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An Essential Guide to Roof Insulation For Your HomeBy admin
Thursday, 29 August 2019
An Essential Guide to Roof Insulation For Your Home
In this article we are going to supply you with the essential guide to roof insulation for your home - giving you the tools you need to make the correct decision for your home.
The idea that heat can rise, and simply leave our homes, is something that is overlooked far too frequently. In fact, it was once deemed adequate to simply have a layer of fibreglass insulation to heatproof the home.
However, more and more families are being made aware of the importance of having a high standard of roof insulation. With that in mind, here is your essential guide to roof insulation!
It is widely known that one of the highest recommended areas in the house to insulate is the loft. We use our lofts and attics for different activities, such as storing Christmas decorations, or even transforming the loft into a living area.
Regardless of how you use your loft space, not all roofs are the same, and needless to say, different roofs require different ways of looking after them.
Therefore, weaving insulation into the equation, whether it be an old roof, or a brand spanking new roof, should be at the forefront of your thinking. Here’s how to tackle the task at hand, with the help of reputable roof insulation contractor…
We Need To Breathe – So Do Roofs!
However you decide to treat your roof, or what you use, ventilation is crucial in the performance of your roof. There needs to be an adequate amount of air movement in order to radically reduce the likelihood of condensation, as this can inevitably start to attack your structure.
The first thing you should do before undertaking any work yourself, or outsourcing to a professional company, is have your roof inspected for any potential leaks, hazards or ventilation issues that have already occurred.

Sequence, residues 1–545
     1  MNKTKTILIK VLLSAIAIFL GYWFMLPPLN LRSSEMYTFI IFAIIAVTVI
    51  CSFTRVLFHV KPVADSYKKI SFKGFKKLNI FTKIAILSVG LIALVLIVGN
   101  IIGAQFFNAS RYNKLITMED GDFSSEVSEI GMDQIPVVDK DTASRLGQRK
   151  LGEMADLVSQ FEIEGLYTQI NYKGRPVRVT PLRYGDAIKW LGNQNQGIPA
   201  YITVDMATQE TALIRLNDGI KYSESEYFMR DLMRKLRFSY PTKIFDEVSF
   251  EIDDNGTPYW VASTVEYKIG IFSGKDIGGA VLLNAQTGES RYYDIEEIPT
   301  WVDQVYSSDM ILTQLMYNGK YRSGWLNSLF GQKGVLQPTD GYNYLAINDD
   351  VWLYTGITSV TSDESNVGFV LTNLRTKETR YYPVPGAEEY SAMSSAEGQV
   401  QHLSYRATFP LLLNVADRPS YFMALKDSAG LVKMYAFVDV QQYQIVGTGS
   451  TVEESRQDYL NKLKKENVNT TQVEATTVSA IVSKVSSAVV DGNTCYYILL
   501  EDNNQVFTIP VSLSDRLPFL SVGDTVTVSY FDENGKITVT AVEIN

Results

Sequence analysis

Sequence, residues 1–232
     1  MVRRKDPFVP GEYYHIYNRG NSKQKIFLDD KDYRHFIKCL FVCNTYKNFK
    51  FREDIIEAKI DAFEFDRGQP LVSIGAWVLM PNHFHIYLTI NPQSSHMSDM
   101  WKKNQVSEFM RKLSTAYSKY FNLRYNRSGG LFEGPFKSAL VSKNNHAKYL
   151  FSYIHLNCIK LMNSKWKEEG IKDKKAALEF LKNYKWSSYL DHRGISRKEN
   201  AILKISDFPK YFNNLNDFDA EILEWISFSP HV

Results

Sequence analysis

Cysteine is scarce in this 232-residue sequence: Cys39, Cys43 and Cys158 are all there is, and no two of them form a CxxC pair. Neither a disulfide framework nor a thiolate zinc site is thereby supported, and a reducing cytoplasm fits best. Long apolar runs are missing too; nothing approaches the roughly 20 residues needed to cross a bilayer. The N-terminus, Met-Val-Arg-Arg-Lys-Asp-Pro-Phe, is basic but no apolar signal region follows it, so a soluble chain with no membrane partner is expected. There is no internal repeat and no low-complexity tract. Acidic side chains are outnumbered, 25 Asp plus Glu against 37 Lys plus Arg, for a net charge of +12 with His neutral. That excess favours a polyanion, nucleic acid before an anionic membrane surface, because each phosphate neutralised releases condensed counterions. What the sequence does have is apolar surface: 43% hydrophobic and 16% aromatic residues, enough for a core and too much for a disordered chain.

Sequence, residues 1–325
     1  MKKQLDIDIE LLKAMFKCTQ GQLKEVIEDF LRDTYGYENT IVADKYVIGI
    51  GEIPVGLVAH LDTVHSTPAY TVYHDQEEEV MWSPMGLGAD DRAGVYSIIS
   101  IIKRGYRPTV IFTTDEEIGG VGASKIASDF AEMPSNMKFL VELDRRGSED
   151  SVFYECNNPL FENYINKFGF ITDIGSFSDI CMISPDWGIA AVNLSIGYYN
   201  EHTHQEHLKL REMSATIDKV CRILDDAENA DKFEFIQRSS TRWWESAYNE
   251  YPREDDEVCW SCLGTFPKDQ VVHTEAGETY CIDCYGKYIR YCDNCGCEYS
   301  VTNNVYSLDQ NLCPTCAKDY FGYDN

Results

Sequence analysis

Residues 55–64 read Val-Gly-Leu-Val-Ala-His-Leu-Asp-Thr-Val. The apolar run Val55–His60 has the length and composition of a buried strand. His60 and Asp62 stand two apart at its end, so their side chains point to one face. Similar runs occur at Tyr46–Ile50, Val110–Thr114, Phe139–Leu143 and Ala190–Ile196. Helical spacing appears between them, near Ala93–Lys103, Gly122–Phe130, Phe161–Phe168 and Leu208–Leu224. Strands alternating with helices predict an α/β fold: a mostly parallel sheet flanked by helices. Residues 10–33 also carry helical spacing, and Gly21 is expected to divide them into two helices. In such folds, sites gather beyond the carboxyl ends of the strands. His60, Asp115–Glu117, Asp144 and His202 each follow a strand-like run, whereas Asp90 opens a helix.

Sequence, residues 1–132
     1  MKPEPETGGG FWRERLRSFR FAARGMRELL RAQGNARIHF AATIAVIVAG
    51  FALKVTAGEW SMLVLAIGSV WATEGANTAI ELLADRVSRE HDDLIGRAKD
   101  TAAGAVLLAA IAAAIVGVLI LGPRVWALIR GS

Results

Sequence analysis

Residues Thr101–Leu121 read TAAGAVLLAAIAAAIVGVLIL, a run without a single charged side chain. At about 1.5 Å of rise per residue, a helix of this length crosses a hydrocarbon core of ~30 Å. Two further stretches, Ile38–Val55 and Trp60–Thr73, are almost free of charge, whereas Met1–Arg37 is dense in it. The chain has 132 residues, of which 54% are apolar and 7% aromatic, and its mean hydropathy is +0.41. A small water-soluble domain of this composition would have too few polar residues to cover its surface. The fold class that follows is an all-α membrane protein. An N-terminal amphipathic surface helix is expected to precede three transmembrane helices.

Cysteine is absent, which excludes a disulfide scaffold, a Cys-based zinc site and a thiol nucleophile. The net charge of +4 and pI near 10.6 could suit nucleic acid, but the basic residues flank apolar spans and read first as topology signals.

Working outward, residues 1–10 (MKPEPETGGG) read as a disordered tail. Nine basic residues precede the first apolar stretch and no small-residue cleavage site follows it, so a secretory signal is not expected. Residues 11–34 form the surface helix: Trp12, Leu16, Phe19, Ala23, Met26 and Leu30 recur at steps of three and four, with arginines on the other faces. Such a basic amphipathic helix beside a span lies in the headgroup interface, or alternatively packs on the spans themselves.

Installing Roof Insulation: The Process
No essential guide to roof insulation would be complete without talking about the process. Insulation is widely known as a cost-effective way of saving money on your energy bills. Thankfully, the installation process itself is relatively simple.
However, before installing new insulation, it is highly advised that you clear out the installation space free of debris and old insulation, as this can counter-act the performance of the new product.
Normally, the most common way of insulating a loft space is by laying batts or quilts of insulation both between and over the loft joists. If you own a building that already breathes properly, then permeable insulation works best in these conditions.
The Blown-in Approach
An alternative option of insulation, however, is loose fill or blown insulation. The insulation can be sourced from a variety of materials but again, the most common materials for this method of insulation is mineral wood or the cellulose fibre from recycled materials such as newspaper.
The advantage of this method of insulation is that it fills all the gaps that are a lot trickier to fill using batts. The downside, potentially, is that the loose fill insulation can be blown around the space, via the movement and flow of air.
This tends to be the case in draughty spaces, which leads to an uneven level of insulation.
It’s All In The ‘K’
A loft space’s thermal performance is measured on a ‘K’ basis. The lower the K value, the more heat your loft space will be able to withhold. Regardless of which insulation you choose, it should achieve a minimum value of 0.16 W/m²K.
In order to meet this standard, more than one layer of material does need to be installed, and if you’re using batts, it is advised to install them at 90 degrees of one another, to reduce the gap size dramatically. It is important that any piping in the space is insulated too, including over any water tanks.
However, do not insulate underneath the tanks, as warmth from below can reduce the risk of freezing the tank. It is also important to remember not to allow the insulation to block the eaves’ ventilation holes, as this would remove the point of insulation altogether.
Are You Due An Upgrade?
Over the past 50 years, new-building insulation levels have increased on a steady basis from around 25mm to 270mm in today’s builds.
Although old buildings don’t necessarily need to meet the new building regulations, it’s nothing short of common sense to simply top up the existing insulation to a thicker standard.
However, if any existing insulation is in an unserviceable condition, a complete insulation replacement is recommended.
Transform Your Loft Into A Habitable Hideaway!
If your loft space is a habitable living area that has been transformed with the roof re-done, then the recommended method is to insulate below or between the rafters – or both, if you prefer.
However, take into consideration that below-rafter insulation will lower the height of the ceiling.
Again, regardless of the insulation method, ventilation is crucial, so make sure an air gap of 5cm between the insulation and the roof covering is present.
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